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DocMelonheadSorry about that, but I'm surprise at what IP participate in this discussion.05/29/2015 - 7:25am
E. Zachary KnightIron, I did not Google Search because I figured the ESRB would publish such infor on their site, which is where I looked. http://www.esrb.org/ratings/ratings_process.jsp05/29/2015 - 7:22am
WonderkarpDocMelonHead, don't look a gift horse in the mouth05/29/2015 - 7:21am
E. Zachary KnightDoc, Uncalled for. Please keep things civil.05/29/2015 - 7:21am
MattsworknameThey were discussing the appeals process for Esrb ratings Doc.05/29/2015 - 7:21am
DocMelonheadDid IP post something that isn't related to White Supremecy?05/29/2015 - 7:13am
IronPatriotBut hey, you're welcome.05/29/2015 - 5:23am
Andrew EisenEZK did say he didn't find any info on the appeals process. And if all he did was look at the ratings process part of the ESRB's website, he wouldn't have. That's where I would have looked too. But hey, thanks for being thorough and finding the info.05/29/2015 - 5:01am
Andrew EisenDude, again. I am NOT saying there is no appeals process. THERE OBVIOUSLY IS. All I am saying is that the appeals process is not described in the ratings process part of the ESRB's website.05/29/2015 - 4:59am
IronPatriotI googled appeal esrb.org and it is the first and third hits. Second is esrb talking about appeals for web publishers. Gamefaqs is fourth.05/29/2015 - 4:01am
IronPatriotZachary said he did not find any information about a formal appeals process. I did a simple search and found two places on the esrb site with the info. Just sayin.05/29/2015 - 3:57am
IronPatriotOn Google I get "1 Written Testimony of Patricia E. Vance President ... - ESRB" http://www.esrb.org/about/news/downloads/pvtestimony_6_14_06.pdf05/29/2015 - 3:55am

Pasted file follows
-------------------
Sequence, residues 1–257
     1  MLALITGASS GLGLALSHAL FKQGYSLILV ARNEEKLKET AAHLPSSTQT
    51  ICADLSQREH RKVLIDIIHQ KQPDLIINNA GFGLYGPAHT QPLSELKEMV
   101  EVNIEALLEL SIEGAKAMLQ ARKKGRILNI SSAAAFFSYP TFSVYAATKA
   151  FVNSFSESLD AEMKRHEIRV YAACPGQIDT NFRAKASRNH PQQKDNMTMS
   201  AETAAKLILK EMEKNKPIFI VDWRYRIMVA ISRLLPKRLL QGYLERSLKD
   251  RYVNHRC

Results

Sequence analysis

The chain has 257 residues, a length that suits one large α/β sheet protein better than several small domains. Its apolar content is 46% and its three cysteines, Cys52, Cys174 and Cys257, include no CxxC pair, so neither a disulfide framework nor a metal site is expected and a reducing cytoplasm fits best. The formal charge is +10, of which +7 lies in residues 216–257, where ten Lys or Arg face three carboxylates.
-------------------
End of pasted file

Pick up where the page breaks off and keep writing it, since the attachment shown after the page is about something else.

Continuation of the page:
Andrew EisenNow, that post on GameFAQs was made four years ago. It appears the ESRB has since moved the appeals process stuff behind the publisher login on its website.05/29/2015 - 3:32am
Andrew EisenOh, third link on the Google search. Okay. That leads to a GameFAQs message board which quotes a section of the ESRB website that includes a description of the appeals process. But when you follow the link, that quote doesn't exist.05/29/2015 - 3:30am
Andrew EisenThird link down from what? Look, I'm not arguing the existance of an appeals process. There obviously is one. I was merely noting that it's odd that it isn't described on the website's ratings process section but it is on the mobile site.05/29/2015 - 3:25am
IronPatriotOK, so use the third link down, which describes the appeals process and is not on the mobile site"Publishers also have the ability to appeal an ESRB rating assignment to an Appeals Board, which is made up of publishers, retailers and other professionals."05/29/2015 - 2:47am
Andrew EisenRight, which links to the ESRB's mobile site. On the website (again, unless I'm overlooking it) the appeals process is locked behind the publisher login.05/29/2015 - 2:37am
IronPatriotHuh? Google "appeals esrb". It is the first link. Click it. No login requested.05/29/2015 - 2:31am
Andrew EisenInteresting. It's on the mobile site but unless I'm overlooking it, I don't see it under the Ratings Process on the web site. It is under the publishers section but you can't access it without a login.05/29/2015 - 2:13am
IronPatriot"Publishers also have the ability to appeal an ESRB rating assignment to an Appeals Board made up of publishers, retailers and other professionals. " Esrb05/29/2015 - 2:01am